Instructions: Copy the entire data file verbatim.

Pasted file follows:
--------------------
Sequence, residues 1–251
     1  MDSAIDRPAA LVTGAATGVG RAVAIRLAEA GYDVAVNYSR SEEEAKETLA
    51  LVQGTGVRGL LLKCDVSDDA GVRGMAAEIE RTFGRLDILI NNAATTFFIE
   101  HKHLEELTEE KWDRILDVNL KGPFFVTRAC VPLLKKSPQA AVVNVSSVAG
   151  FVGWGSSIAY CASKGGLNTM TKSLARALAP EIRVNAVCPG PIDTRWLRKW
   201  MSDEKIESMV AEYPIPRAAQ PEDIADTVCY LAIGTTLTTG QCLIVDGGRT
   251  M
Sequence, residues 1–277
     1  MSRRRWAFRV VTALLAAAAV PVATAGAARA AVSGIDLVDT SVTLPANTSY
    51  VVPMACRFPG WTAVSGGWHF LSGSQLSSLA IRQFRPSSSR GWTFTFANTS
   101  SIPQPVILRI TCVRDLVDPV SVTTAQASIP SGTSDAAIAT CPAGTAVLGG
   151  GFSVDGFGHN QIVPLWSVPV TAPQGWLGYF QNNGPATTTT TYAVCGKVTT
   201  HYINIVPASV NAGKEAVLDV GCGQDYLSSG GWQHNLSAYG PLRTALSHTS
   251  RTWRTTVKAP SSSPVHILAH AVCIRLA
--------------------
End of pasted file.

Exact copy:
Sequence, residues 1–251
     1  MDSAIDRPAA LVTGAATGVG RAVAIRLAEA GYDVAVNYSR SEEEAKETLA
    51  LVQGTGVRGL LLKCDVSDDA GVRGMAAEIE RTFGRLDILI NNAATTFFIE
   101  HKHLEELTEE KWDRILDVNL KGPFFVTRAC VPLLKKSPQA AVVNVSSVAG
   151  FVGWGSSIAY CASKGGLNTM TKSLARALAP EIRVNAVCPG PIDTRWLRKW
   201  MSDEKIESMV AEYPIPRAAQ PEDIADTVCY LAIGTTLTTG QCLIVDGGRT
   251  M
Sequence, residues 1–277
     1  MSRRRWAFRV VTALLAAAAV PVATAGAARA AVSGIDLVDT SVTLPANTSY
    51  VVPMACRFPG WTAVSGGWHF LSGSQLSSLA IRQFRPSSSR GWTFTFANTS
   101  SIPQPVILRI TCVRDLVDPV SVTTAQASIP SGTSDAAIAT CPAGTAVLGG
   151  GFSVDGFGHN QIVPLWSVPV TAPQGWLGYF QNNGPATTTT TYAVCGKVTT
   201  HYINIVPASV NAGKEAVLDV GCGQDYLSSG GWQHNLSAYG PLRTALSHTS
   251  RTWRTTVKAP SSSPVHILAH AVCIRLA